It's interesting to note that the Sony RX1R Mark II, which as mentioned above has a Zeiss 35mm f/2 lens paired with a full-frame sensor, uses a different Zeiss lens. The Sony opts for a Zeiss Sonnar T* lens with 8 elements in 7 groups, rather than 5, and includes a trio of aspherical elements. The Sonnar has 9 aperture blades. We don't know yet how many aperture blades will be in the ZX1's lens. The RX1R II has a slightly smaller 49mm filter thread as well.
Zeiss ZX1 promotional video
The Zeiss ZX1 can record 4K (3,840 x 2,160) video at up to 30 frames per second. If you want a higher frame rate, you can shoot Full HD (1,920 x 1,080) video at up to 60 fps. Video clips have a maximum length of 15 minutes. No other video specs are available beyond knowing that the camera records in .MP4. It is also stated that the camera can record externally using HDMI via USB-C 3.1 (likely HDMI Alt Mode) although it's unclear if there will be potential improvements to video quality or maximum clip duration when recording externally.
Connectivity, Storage and Power
As mentioned, the camera has a USB-C 3.1 port which is the only port on the camera, and Zeiss says external mics, headphones and HDMI are supported via USB-C. Interestingly, the hot shoe is Sigma flash protocol compatible.
The ZX1 has built-in Wi-Fi, NFC and Bluetooth. You can geotag image files via a smartphone and can also remotely control the camera through a smartphone app. The Wi-Fi is 802.11 b/g/n/a/ac and the Bluetooth technology is 4.1 LE.
We mentioned earlier that the camera has 512GB of internal storage and external storage is supported via USB-C. Internal storage will be able to store around 6,800 RAW (DNG) files, 50,000 JPEG images or around 20 hours of 4K video.
Regarding power, there is a 3,190 mAh rechargeable battery although we don't know what type of battery life you will be able to expect. The battery is charged in-camera but is removable (unlike the storage), so you will be able to swap batteries as needed.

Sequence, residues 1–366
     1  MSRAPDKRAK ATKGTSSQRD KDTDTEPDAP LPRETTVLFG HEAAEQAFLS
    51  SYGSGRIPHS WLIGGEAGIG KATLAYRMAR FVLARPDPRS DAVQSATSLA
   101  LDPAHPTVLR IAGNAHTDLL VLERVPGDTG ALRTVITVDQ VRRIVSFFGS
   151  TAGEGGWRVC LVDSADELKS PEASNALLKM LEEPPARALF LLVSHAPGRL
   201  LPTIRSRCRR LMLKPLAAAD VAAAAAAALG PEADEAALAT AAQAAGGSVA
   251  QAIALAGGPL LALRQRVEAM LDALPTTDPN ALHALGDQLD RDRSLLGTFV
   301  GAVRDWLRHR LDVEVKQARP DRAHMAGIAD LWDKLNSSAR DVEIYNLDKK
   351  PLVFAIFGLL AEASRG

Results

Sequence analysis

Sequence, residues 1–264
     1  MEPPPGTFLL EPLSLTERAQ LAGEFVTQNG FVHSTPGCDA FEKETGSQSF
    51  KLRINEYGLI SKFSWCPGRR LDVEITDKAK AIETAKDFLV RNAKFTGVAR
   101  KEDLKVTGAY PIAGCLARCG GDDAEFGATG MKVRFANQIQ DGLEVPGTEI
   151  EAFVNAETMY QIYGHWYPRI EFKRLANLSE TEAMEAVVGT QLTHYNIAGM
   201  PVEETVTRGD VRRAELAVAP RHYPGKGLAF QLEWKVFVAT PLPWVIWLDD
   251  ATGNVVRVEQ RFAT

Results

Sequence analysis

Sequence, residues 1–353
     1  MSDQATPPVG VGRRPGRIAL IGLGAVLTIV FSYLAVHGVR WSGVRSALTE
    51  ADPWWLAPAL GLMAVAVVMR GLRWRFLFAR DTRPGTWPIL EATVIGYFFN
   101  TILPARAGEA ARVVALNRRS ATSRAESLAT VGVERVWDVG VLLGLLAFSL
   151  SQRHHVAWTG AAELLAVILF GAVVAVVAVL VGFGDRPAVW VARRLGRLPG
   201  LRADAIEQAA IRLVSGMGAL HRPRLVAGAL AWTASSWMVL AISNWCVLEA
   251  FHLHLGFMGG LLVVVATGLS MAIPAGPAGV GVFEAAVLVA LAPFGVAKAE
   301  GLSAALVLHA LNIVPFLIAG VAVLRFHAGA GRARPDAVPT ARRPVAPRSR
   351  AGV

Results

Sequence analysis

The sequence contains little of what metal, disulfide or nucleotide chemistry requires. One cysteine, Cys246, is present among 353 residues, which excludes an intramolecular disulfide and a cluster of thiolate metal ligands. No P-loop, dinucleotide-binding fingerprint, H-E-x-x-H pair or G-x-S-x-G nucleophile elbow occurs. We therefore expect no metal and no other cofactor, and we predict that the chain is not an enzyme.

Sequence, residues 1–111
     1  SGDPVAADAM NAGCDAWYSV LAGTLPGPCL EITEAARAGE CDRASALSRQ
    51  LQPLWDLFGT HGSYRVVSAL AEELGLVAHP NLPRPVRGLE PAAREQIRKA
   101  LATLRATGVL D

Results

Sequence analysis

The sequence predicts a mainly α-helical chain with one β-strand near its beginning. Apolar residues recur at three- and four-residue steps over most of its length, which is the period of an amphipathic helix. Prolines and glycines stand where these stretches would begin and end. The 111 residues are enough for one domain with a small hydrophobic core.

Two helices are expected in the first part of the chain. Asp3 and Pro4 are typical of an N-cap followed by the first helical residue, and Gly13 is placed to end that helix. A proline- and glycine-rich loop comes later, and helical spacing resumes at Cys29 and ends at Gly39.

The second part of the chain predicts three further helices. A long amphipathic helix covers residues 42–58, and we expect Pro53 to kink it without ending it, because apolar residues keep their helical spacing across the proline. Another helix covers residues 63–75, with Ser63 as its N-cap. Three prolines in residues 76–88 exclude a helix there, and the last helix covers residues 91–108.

Pricing and Availability
Zeiss has not yet shared pricing information regarding the ZX1 camera, but we know that it should be arriving in early 2019. The camera will come with pre-installed Adobe Lightroom CC software, a battery, lens hood, cap, ring, quick guide, AC adapter, USB cable, strap and strap accessories.
Zeiss ZX1 versus Sony RX1R Mark II
We cannot yet paint a full picture of the Zeiss ZX1, but it's worth giving a quick overview of what the ZX1 appears to offer when compared with the Sony RX1R Mark II, which is another full-frame camera with a fixed lens.
Image sensor: The Zeiss ZX1 has a full-frame 37.4-megapixel sensor. The Sony RX1R II has a 42.4-megapixel Sony Exmor R (BSI) image sensor. The ZX1 has an ISO range of 80-51,200 whereas the Sony delivers a native range of 100-25,600 (expandable to 50-102,400).
Lens: Both cameras employ Zeiss 35mm f/2 lenses. The ZX1 opts for a Distagon lens with 8 elements in 5 groups, including two double-sided aspherical elements. The RX1R II, on the other hand, has a Sonnar lens with 8 elements in 7 groups and three aspherical elements. They have the same close-focus distance of 30 centimeters.
Design: The ZX1 is larger than the RX1R II by a significant margin and weighs around 300 grams more. Both cameras have built-in electronic viewfinders with 0.74x magnification. The ZX1 is aluminum and features very few buttons and dials. The RX1R II is designed more traditionally, offering more buttons dials and gripped areas. Plus, the RX1R II has a pop-up EVF. Regarding the display, the ZX1 is fully invested in a touch-based user interface, utilizing a 4.3-inch multitouch display. The RX1R II goes smaller and has a button-based interface. The RX1R II does not have a touchscreen, but its display does tilt, something the ZX1's display cannot do.
Video: The ZX1 records 4K/30p video and the RX1R II tops out at Full HD video recording. The RX1R II can do 120fps recording at 720p resolution whereas the ZX1 can only shoot at up to 60 fps when shooting Full HD video.
Shooting: This section is a bit tricky, as there's still a lot we don't know about the ZX1. The ZX1 has a fastest shutter speed of 1/8,000s, twice that of the RX1R II, but the RX1R II employs impressive Fast Hybrid AF with 399 PDAF points. Perhaps the ZX1 will be equally impressive, but we simply don't know yet. We do know that the ZX1 can shoot at only 3 fps, whereas the Sony can shoot at up to 5 fps. Neither camera offers a built-in flash.
In-camera processing and sharing: The Zeiss ZX1 has Adobe Lightroom CC built into the camera and the Sony does not. Both cameras have built-in Wi-Fi and NFC, but the ZX1 adds Bluetooth.
Summary: The Zeiss ZX1 has some unique tricks up its sleeve that the Sony does not. The Sony has more resolving power and faster shooting. Regarding autofocus performance, we don't know yet which camera has more on offer, but we do know that the ZX1 can do 4K UHD video recording while the Sony RX1R II cannot. The Sony costs around $3,300 USD and we don't know what the Zeiss will cost. One thing is for sure, the Zeiss ZX1 looks unique and ought to deliver impressive image quality. For fans of fixed-lens cameras, there will be another full-frame option come 2019.